Writing

A Different Way of Writing

I believe the change began around the time I left journalism. Perhaps it’s because I no longer have the distractions of working long hours as editor-in-chief reading what other people wrote plus handling my managerial duties. Perhaps it’s because I have more time. Most likely, it’s both.

Even before I left my job, I was having too much fun writing my Isabel Long Mystery Series to let that workload stop me. I got up at 5 a.m. to put down 500 words. The words flowed. The story flowed. From one chapter to the next until the end. First five in the series were published this way. It was a bit miraculous.

But how I write has changed and I am now realizing that as I’m into no. 7. I believe it began with Working the Beat, no. 5, as I was winding down from my job, and intensified with Following the Lead, no. 6.

I still aim for 500 words a day.  But before I begin, I look back to what I wrote the previous day to add, if needed, a word, sentence or paragraph in the one before. Essentially I am expanding — and in my mind improving — what I wrote recently before I move onto the new chapter or chapters. (I still write short ones.) Basically, I am not waiting until I reach the half-way point or the end to look for holes

I am also finding that as I move through the story, I think back whether something is missing earlier.

Making the Deadline, the tentative title for no. 7, involves a shooting possibly made to look like a suicide attempt. Isabel has been approached by a possible client, Cyrus Nilsson aka the Big Shot Poet. He’s made a good pitch, but she’s not sure, so she’s doing her initial research and interviews.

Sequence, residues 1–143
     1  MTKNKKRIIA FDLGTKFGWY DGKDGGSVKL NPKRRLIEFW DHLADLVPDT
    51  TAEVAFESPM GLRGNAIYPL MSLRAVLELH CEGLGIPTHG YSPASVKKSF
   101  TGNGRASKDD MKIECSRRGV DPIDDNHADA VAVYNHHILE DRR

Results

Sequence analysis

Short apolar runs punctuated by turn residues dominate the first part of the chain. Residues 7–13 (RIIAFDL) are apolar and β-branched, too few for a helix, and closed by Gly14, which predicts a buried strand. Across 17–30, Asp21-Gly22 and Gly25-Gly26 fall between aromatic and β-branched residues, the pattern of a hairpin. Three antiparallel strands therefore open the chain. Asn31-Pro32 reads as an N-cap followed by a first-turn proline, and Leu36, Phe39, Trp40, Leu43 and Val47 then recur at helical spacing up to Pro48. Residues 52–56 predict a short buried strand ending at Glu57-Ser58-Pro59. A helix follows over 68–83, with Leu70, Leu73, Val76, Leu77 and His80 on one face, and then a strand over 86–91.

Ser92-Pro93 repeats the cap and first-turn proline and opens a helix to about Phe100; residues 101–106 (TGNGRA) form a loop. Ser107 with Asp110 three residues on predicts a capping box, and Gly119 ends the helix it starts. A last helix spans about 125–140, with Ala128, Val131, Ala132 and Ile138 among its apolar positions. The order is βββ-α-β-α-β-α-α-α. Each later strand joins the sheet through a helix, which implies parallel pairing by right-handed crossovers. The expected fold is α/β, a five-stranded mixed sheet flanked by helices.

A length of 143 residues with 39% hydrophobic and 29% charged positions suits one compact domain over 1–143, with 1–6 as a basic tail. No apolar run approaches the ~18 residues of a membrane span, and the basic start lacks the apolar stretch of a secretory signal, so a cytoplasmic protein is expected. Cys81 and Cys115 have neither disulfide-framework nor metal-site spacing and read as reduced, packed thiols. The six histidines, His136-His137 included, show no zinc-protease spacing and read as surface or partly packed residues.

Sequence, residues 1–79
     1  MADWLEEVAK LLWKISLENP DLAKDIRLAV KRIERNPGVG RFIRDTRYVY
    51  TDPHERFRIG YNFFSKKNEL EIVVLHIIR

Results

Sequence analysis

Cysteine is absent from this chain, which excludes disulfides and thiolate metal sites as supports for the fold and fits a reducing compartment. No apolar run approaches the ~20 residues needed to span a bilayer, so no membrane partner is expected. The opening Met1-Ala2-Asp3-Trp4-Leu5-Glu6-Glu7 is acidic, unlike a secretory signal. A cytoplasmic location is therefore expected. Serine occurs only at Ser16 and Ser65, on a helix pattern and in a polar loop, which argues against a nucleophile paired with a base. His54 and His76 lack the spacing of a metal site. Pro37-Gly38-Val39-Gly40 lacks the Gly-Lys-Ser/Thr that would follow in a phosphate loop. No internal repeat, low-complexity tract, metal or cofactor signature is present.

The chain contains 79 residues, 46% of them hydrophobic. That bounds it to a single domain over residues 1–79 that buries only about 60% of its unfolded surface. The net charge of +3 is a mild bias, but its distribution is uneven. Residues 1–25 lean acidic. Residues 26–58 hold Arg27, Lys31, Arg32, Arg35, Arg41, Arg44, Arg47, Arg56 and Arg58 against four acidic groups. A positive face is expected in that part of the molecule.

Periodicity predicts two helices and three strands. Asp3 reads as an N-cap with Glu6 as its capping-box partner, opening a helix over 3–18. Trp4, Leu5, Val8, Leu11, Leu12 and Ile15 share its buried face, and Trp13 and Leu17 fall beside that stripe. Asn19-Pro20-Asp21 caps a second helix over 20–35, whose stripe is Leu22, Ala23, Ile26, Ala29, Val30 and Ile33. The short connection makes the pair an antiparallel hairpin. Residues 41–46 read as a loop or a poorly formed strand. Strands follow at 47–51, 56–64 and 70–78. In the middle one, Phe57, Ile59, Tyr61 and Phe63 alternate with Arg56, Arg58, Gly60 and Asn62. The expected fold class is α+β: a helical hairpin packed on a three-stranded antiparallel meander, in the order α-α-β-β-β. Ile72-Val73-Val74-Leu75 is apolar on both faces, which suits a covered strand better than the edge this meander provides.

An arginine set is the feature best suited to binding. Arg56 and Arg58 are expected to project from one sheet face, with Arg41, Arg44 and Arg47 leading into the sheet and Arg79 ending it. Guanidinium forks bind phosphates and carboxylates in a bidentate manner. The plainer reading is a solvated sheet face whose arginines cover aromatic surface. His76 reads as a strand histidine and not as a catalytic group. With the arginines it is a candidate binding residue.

The victim, a literary agent (frustrated authors will enjoy this), is now mentally incapacitated. I realized early this morning that as Isabel begins gathering her list of contacts, she should be checking the agency’s website. An earlier online check revealed no reports of a shooting in the local papers since most do not report suicides or attempts. There was a brief in an online magazine that the agent has stepped away from the business “for health reasons” but I realized I wanted more. What about the agency’s website? Bingo. Isabel needs to find that online.

And although I never plan ahead — Isabel’s next case starts as a fragment in my brain — I am mindful I do not want to have a series that is formulaic. I liken it to what my protagonist, Isabel, does. As the series moves on, she’s taking more complicated and unusual cases. There will always be new characters but I also want to keep the old ones fresh. I feel I owe it to my readers. And to myself. I don’t want to just call it in.

THE SACRED DOG: This novel is not part of my Isabel Long Mystery Series although the setting is similar. Basically, there’s bad blood between two men. The title comes from the name of a bar one of them owns. I will be telling you a whole lot more about it from now until its launch date Dec. 27 and beyond. Here’s the link to learn more: https://mybook.to/thesacreddog

FOLLOWING THE LEAD: Here’s the link for no. 6 in the Isabel Long Mystery Series: https://mybook.to/followingthelead

ABOUT THE PHOTO ABOVE: A mural spotted in Brattleboro, Vermont.

.

Standard
Following the Lead

My Bad Beaumont Brothers

Of course, I am writing about Gary and Larry Beaumont, two characters in the Isabel Long Mystery Series. I’ve kept them through the most of the series because despite their feral tendencies, I’ve grown fond of them. So has Isabel Long. They are back in the next, Following the Lead, which has a Nov. 3 release.